DHV:
144
Tourin ID:
BRUS 10

15..

Tenor

Heinrich

Ebert ?

# of Strings:

6

Place Made:

I, Venice

Body Shape:

Viol

Current Location:

B, Brussels

Sound Holes:

F

Collection:

Musée des instruments de musique

Head:

Scroll

Catalog Number:

1402

Label Text:

Hainrich Ebert [printed]

Measurements:

Body Length:

43

String Length:

43.0- 47.0

Rib Depth:

9

Upper Width:

Middle Width:

Bottom Width:

21.6

13.6

24.2

Previous Owner:

Count Pietro Correr, Venice, -1886

Information Source:

Moens 2002, pp. 104-08; Moens 1995, pp. 192-207; Moens 1987a, pp. 6-10; PT visits 6/77 & 9/78

Literature:

Photographs:

Recordings:

Auctions:

Comments:

Moens 2002, pp. 104-08; Moens 1995, pp. 192-207; Edmunds 1994, pp. 21-22; Otterstedt 1994, pp. 143-4; Moens 1989, pp. 46-47; Woodfield 1984, pp. 125-27; Edmunds 1980, pp. 75, 80-81; Mahillon 1900, 3:41

On museum’s website (front [color]); Moens 2002, pp. 105-07; Moens 1995, pp. 193, 196, 198, 201-02, 205 (FB+S, label, inside of front, interior details, neck and head side); Moens 1987a, pp. 7-8 (same as 1995); Edmunds 1994, p. 22 (with table removed); Otterstedt 1994, p. 144 (table); Moens 1989, pp. 46-47; Woodfield 1984, p. 126 (front; with table removed); Paganelli 1966/1970, p. 85 (front); Mahillon 1900, 3:42 (front)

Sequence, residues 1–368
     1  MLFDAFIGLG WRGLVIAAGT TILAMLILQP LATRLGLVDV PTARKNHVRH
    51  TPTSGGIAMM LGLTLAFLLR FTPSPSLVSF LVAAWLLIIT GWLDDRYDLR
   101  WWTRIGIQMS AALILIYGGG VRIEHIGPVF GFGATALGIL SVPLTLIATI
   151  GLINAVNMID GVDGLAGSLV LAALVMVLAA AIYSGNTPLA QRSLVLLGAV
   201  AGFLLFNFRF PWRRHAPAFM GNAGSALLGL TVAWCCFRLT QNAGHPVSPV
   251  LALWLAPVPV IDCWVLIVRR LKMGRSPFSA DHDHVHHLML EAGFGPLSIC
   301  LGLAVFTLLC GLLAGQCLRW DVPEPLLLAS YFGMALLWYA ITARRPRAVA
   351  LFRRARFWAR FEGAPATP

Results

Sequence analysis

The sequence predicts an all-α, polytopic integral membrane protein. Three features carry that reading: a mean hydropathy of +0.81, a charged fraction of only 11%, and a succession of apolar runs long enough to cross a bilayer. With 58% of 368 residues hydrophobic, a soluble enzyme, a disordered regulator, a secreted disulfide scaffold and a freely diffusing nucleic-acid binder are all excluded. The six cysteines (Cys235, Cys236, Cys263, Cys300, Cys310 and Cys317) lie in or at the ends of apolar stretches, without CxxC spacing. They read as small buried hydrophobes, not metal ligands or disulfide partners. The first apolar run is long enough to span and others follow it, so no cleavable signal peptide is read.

Museum’s website : treble viol, date 1560/1570 (”incertaine”); Mahillon 1900: dessus de viole, mid-17th C. Edmunds 1980: tenor viol; string length originally 52-55 cm, other dimensions 42.5, 25.5/-/21.5, 10.2. Moens 2002: tenor viol; uses old parts, probably from an early 17th-C. Alpine bass violin; “a premeditated intention to imitate a historical state that never existed.” Moens 1995: many suspicious features; probably made by cutting down a larger instrument (note 2-piece neck). Moens 1989: dendrochronology suggests table no older than 1580; its arching and outline fit exactly between the soundholes of a small double bass. Back has also been cut down from something larger (open worm holes); ribs may have been rebent; fingerboard has been narrowed and shortened. Otterstedt 1994: 1580 date assumes no loss of perimeter wood, but this is an unsafe assumption; viol has been open since 1960s, and table has gradually reverted to original arching; ribs cracked in places from rebending cold so as not to harm existing varnish; neck and pegbox perhaps carved from an existing cello neck. Edmunds 1994: original barrel-vaulted table replaced with a carved one, probably in early 17C.